As for online sales, we’d started developing this area before the pandemic started. Practically the entire Karaway range is available at our online store (karaway.com). Additionally, Karaway branded products are available from large internet platforms like Ocado, Amazon and Farmdrop. Thanks to online delivery, you can buy the main Karaway range all over Britain. Our own online store helped quite well to compensate for the losses our off-line business suffered during lockdown. We conducted a large marketing campaign to promote it, with advertising on social media. And although offline retail isn’t going anywhere, online trade is the future.
Of course, some aspects of our business are challenging to adapt to online delivery. For example bread, buns and biscuits are ok, but it’s hard to deliver cakes. There’s no specialised home delivery for delicate items like this on the market. Our cakes are different from traditional English recipes because they’re airy and succulent, and they need to be kept in a fridge. We only deliver cakes to shops, we don’t offer home delivery for them yet.
Despite all these achievements, the online share of our sales is still quite modest, at 10% of the total volume. During the lockdowns, this proportion trebled, but after restrictions were lifted, it dropped off significantly, returning to its previous rate. Our products are not so straightforward to advertise online, you have to see them and try them first.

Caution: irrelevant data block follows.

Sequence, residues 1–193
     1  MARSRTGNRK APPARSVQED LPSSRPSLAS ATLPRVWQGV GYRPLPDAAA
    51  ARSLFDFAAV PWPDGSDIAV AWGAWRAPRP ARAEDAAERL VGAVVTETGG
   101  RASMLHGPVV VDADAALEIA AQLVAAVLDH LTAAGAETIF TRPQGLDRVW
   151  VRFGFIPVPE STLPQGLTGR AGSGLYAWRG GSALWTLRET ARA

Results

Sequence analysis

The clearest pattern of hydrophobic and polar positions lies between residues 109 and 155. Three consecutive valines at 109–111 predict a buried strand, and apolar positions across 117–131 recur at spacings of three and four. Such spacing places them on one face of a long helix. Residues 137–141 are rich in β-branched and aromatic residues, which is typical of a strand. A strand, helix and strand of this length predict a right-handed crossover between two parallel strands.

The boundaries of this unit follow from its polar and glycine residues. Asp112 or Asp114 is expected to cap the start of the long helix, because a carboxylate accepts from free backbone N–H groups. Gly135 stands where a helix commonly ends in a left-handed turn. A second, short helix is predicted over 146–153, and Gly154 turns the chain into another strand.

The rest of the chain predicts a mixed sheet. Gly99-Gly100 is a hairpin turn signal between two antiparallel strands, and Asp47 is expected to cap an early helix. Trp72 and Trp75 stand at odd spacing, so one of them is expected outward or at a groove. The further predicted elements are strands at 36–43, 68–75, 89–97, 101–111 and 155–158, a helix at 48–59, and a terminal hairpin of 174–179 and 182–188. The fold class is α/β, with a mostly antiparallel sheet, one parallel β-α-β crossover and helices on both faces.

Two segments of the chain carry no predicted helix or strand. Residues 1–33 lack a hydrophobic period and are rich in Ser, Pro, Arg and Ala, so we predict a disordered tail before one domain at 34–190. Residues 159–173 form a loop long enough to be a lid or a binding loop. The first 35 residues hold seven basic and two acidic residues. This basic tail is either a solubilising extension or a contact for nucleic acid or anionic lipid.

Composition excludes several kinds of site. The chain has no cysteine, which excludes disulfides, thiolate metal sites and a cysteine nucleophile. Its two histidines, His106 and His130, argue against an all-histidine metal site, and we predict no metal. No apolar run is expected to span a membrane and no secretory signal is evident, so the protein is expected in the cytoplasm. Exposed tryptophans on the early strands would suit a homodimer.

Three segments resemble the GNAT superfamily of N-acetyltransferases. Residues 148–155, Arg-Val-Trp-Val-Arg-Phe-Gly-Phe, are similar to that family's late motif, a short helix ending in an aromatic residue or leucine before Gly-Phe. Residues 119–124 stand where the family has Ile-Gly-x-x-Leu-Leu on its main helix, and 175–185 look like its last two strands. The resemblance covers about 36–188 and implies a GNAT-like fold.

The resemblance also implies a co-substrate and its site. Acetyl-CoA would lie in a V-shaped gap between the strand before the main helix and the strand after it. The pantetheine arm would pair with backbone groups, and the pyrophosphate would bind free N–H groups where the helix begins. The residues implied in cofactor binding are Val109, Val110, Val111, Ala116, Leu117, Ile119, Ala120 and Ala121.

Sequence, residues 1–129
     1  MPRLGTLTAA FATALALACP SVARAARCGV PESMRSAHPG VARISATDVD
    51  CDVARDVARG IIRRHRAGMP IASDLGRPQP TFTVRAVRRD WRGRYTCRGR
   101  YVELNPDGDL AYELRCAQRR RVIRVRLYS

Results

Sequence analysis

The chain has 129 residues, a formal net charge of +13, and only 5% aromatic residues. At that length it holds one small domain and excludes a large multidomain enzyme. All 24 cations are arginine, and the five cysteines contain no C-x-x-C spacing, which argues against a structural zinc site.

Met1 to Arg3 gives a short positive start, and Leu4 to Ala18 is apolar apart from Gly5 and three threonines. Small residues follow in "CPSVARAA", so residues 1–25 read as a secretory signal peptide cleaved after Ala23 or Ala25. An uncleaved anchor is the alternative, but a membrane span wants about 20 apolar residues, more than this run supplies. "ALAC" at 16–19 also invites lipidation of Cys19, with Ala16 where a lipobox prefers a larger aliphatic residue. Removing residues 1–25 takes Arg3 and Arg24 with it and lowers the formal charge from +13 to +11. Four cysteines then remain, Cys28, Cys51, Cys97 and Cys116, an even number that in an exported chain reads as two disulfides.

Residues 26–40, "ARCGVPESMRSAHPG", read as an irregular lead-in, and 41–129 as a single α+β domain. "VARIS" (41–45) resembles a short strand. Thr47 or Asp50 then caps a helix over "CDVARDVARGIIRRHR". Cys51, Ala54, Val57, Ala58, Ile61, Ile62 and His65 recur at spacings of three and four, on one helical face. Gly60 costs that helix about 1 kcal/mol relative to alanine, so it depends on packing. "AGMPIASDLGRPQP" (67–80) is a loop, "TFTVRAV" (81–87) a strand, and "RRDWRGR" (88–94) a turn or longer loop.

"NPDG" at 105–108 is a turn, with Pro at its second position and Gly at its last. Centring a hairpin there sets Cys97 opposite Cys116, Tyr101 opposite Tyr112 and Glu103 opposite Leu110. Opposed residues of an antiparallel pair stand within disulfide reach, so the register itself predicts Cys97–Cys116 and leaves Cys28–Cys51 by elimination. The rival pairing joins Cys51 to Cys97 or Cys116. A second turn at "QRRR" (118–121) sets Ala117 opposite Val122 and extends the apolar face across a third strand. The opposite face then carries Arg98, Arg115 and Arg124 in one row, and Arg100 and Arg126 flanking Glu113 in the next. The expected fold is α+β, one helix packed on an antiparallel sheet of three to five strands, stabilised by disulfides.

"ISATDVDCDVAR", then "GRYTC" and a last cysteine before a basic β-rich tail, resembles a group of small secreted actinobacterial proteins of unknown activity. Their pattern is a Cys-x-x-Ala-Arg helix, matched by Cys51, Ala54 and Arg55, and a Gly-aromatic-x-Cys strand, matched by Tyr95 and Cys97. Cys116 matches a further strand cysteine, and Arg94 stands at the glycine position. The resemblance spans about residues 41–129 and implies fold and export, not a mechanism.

Why are your baked goods not on sale in supermarkets like Tesco and Sainsbury’s?
So far these chains haven’t shown any interest. They’re largely oriented towards the mass market, and that’s not our segment. We produce premium products, so we’re working on getting them stocked in Waitrose.
You founded Amber Bakery in 2005, and since 2011 you’ve been developing another brand, Karaway, which is now over ten years old. Did you approach the two brands differently?
When we founded the company, we didn’t quite understand our target audience. At first we planned to sell Amber Bakery goods to English consumers as well as to Eastern Europeans. However, with time we realised that these two segments have such diverging tastes that they require different approaches.